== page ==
• Choking myself with my hands.
  • Not wearing weather appropriate clothes.
  • Showering with too cold or too hot water.
  • Pinching myself.

And so the list went on and on, gaining and losing items as people stared too long, or asked awkward questions.

At some point, I stopped just punishing myself for mistakes, and I just did it whenever I became overcome by negative emotions. Anger, sadness, and frustration kept me up at night, kept my arms and legs sore and too-hot in the summer.

But I was fine! Of course, I was! I was finally functioning the way other people seemed to. I was giving the world my very best, polished version, who cared if it was fake? I certainly didn’t.

But the downside of it all was how tired I was, how easy it was to slip up and admit things you should never tell others. The punishments grew harsher the more I revealed to others. I was ashamed, terrified, disgusted at myself, but I could not stop.

I would promise I’d do it. I would never self-harm again, but then anything would happen and I’d become breathless, volatile, overly emotional, and I would just have to do it.

How can you deal with feelings when the only way you know how is through pain?

I have pages upon pages or journal entries that start with either the number of days I’ve refrained from scratching or any other habits in the list or a number of times I’ve done it just that day.

Counting became a habit. Until I didn’t just count the number of days, of scratches. No. I had graduated to a new level: How many times I’d almost taken it too far. How many times my hands ached for something sharper to sink into skin and muscles.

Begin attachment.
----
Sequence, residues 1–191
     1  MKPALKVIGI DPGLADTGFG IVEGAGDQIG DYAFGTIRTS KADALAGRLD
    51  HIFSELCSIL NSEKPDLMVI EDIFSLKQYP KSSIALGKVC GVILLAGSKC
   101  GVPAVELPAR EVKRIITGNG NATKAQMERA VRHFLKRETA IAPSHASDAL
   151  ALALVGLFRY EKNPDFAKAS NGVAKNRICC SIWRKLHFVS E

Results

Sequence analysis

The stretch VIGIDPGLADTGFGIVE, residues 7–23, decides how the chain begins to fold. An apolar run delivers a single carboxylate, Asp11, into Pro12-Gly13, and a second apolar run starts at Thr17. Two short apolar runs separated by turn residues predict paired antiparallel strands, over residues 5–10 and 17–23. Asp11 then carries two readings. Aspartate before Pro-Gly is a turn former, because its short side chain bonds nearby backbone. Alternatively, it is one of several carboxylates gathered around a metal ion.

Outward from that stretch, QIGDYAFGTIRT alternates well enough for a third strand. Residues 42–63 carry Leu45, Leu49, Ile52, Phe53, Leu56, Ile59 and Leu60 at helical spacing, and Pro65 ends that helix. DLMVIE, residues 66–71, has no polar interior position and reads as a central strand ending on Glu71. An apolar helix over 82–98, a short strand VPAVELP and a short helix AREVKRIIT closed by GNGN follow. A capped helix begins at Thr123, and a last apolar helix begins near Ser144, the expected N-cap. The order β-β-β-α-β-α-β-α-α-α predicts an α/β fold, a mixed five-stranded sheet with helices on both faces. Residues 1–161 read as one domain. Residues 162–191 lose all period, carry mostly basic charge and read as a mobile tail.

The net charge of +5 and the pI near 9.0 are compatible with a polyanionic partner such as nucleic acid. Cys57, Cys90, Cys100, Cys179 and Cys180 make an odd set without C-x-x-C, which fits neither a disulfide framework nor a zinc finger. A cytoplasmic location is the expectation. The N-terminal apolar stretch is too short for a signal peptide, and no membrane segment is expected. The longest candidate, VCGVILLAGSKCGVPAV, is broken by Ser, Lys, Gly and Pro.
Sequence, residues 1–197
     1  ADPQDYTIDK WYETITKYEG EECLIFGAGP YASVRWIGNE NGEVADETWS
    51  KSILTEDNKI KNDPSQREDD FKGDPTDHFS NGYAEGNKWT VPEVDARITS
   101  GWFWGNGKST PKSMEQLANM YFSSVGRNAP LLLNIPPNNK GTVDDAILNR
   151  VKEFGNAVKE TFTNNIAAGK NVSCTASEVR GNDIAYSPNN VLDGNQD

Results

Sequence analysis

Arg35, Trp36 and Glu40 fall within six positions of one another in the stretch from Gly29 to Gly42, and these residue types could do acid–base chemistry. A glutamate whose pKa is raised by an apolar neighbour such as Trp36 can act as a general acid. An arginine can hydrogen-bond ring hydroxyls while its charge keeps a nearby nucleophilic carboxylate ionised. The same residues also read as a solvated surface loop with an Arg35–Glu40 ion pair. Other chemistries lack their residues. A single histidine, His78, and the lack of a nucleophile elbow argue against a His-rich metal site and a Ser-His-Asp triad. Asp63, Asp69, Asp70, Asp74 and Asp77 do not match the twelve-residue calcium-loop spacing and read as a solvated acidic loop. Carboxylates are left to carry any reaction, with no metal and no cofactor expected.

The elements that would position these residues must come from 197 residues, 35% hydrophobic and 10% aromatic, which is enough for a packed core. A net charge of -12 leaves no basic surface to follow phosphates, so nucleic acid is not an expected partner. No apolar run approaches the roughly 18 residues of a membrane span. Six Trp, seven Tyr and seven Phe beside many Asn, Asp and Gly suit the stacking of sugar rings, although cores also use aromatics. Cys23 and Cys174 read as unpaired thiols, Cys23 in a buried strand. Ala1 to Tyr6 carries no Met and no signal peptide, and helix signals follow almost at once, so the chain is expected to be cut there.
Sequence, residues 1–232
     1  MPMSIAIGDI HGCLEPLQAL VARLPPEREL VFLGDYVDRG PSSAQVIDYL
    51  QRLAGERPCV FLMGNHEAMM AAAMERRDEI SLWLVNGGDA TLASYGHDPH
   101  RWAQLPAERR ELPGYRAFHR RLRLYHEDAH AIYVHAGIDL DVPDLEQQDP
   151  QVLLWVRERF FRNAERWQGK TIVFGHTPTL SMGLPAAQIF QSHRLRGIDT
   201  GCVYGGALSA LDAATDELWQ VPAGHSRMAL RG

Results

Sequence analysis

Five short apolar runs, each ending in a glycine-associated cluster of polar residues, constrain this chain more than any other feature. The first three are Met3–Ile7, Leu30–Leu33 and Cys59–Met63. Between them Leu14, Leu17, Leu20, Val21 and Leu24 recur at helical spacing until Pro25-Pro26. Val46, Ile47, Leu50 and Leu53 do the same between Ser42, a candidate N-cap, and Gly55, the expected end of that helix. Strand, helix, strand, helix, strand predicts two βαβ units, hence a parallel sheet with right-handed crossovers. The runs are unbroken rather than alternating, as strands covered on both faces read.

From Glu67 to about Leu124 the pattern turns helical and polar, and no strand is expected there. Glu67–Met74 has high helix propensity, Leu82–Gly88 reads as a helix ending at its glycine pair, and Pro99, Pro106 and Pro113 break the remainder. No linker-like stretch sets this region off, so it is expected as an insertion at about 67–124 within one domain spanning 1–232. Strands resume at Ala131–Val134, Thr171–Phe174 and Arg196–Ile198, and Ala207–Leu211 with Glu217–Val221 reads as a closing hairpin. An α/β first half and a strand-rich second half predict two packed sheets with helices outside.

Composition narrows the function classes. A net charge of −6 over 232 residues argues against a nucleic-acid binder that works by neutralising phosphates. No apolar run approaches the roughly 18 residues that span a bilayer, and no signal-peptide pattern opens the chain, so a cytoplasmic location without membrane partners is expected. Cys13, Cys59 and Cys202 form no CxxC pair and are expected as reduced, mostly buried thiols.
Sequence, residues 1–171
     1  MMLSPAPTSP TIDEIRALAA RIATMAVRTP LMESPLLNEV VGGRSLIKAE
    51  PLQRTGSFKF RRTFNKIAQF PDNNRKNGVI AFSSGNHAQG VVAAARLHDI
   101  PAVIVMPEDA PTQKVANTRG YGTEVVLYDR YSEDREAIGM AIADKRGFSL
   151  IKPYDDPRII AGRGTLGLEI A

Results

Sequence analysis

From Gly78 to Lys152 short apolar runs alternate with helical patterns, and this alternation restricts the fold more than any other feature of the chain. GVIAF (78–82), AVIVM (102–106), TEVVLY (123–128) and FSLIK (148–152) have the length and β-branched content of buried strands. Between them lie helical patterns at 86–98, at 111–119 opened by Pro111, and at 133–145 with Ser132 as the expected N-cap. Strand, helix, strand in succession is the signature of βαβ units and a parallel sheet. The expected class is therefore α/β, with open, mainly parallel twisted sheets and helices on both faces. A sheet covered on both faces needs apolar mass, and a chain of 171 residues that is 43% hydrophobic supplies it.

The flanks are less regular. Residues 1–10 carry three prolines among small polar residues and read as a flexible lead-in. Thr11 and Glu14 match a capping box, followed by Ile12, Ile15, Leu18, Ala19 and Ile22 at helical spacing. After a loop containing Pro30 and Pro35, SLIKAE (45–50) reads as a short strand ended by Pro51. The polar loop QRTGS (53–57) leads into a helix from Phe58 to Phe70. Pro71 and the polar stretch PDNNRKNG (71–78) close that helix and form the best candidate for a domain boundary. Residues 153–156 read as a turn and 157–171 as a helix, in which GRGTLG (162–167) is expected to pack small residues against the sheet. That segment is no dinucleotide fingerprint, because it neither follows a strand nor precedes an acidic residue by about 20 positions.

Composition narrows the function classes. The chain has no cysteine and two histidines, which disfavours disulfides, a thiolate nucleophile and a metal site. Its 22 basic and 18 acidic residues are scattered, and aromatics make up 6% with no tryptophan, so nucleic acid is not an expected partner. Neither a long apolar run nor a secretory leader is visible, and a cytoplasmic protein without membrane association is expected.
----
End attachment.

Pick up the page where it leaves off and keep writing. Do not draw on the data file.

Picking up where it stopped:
Then I counted how many times I repeated the mantra “I want to die, I want to die, I want to die”, “Everything’ll be better once I’m gone”, and “I should’ve died when I had the chance”.

Of course, all of that was happening when I was okay. I was fine, and happy, and enjoying my time doing something I loved and was relatively good at.

I guess, people forget to tell you when they talk about the suicidal ideation and the bottomless pit of self-harm, that you never truly need a reason. Once you’re in, it just becomes second nature: I breathe, thus I want to die. I am alive, therefore I deserve a punishment.

It just goes on, and on, and on, and on, spinning faster and faster until you can’t breathe or taste anything other than this, right here, right now. Everything that might cause your death feels inviting. As you laugh along with your friends, as you work on that project that you love, your mind is working overtime, finding all the tiny gaps inside your head where suicide looks like the best option to this life you’re trying your hardest to live.